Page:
In the meantime the Coalition is tearing itself apart over pre-selections.
On media on Tuesday afternoon, Tony Abbott declared war on the moderate faction when he announced that there would be blowback in the NSW division if the moderates went through with their challenge to Craig Kelly, Liberal member for the southern Sydney electorate of Hughes.
“I think it would be a disaster for our party if Craig Kelly were to lose preselection, an absolute disaster,” the former Prime Minister told the media.
“He has been a very good local member, he has been a very strong participant in all of our policy discussions, he has been a very good and vocal advocate for our position.
“The idea he should be knocked off, at this point in time … I just think that is the worst possible look. The only way we can win the election is if we have harmony inside our party and we sure ain’t going to have harmony if Craig Kelly gets rolled.”
From the Gallery • H.E Ambassador Hugo Javier Gobbi and Dr. Beatriz Elena Mollerach hosted a reception at the Albert Hall to celebrate the 202nd Anniversary of Argentina’s Independence and the 208th Anniversary of the May Revolution on Wednesday.
•Barnaby Joyce has taken extended personal leave – effective from Tuesday. He’ll be on 11 weeks leave missing one sitting period and returning for August sitting of Parliament. The Nationals Chief Whip, Chief Government Whip and Deputy Prime Minister granted his leave and the Labor Party has provided him a pair in the House of Representatives for all divisions so the Coalition wont lose his vote.
• Minister for Foreign Affairs Julie Bishop launched “Australian Aid: Friendship Grants” project on Wednesday in the Private Dining Room of Parliament House.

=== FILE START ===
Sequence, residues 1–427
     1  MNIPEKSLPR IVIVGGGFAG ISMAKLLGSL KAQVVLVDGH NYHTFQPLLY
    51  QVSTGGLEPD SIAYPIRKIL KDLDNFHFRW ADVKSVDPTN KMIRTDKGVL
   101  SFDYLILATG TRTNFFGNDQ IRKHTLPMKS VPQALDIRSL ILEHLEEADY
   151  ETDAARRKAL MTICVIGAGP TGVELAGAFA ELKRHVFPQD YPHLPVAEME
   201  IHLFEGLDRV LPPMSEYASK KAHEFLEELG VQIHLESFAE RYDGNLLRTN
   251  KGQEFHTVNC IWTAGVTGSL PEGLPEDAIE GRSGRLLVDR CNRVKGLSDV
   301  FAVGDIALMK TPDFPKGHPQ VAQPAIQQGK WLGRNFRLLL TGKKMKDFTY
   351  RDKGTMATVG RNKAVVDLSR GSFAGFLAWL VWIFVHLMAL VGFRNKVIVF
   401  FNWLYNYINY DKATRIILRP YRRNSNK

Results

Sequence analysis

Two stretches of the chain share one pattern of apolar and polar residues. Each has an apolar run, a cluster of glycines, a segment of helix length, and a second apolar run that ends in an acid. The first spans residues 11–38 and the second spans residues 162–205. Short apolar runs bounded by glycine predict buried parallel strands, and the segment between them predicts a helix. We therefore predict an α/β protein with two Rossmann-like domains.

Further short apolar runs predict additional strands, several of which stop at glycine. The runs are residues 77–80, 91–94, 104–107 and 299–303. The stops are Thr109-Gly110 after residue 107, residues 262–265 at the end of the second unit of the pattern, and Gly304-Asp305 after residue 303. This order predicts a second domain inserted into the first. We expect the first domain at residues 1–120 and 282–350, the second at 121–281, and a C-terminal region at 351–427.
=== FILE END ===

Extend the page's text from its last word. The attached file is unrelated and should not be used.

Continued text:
• On Wednesday evening in Parliament House the Clean Energy Council held a function to promote alternative sources of energy. The function held in the Mural Hall was addressed by the Energy Minister for Environment and Energy Josh Frydenberg, Shadow Minister and Labor Party President Mark Butler and Greens MP Adam Bandt.
• The Australian Ship building company Austal has delivered the first of twenty one Guardian Class Pacific Patrol Boats. The delivery was the first of the Commonwealth Government’s Continuous Build Program. The Patrol Boat was delivered on time and on budget to the Federal Government.
• Representatives from Cotton Australia travelled to Parliament to meet with Deputy Prime Minister and Leader of the Nationals Michael McCormack. The delegation was lead by General Manager Michael Murray, Chair Simon Corish and CEO Adam Key. Sussan Ley MP and Assistant Minister for Trade Mark Coulton MP and Ken O’Dowd MP also meet the delegation with the DPM.
• Dr Martin Parkinson Secretary of the Department of Prime Minister and Cabinet addressed the Property Council of Australia this week in Parliament House. The Secretary said “Cities will be fundamental to Australia’s success in the twenty-first century. So it was fitting to have a conversation about the future of Australian cities”.
• The Minister for Foreign Affairs Julie Bishop has issued a ‘please explain’ to the Palestinian Authority over its fund that “rewards murder and terrorism” of Israeli citizens. This comes after advocacy form the Young Liberal Movement of Australia that foreign aid shouldn’t be supporting terrorism.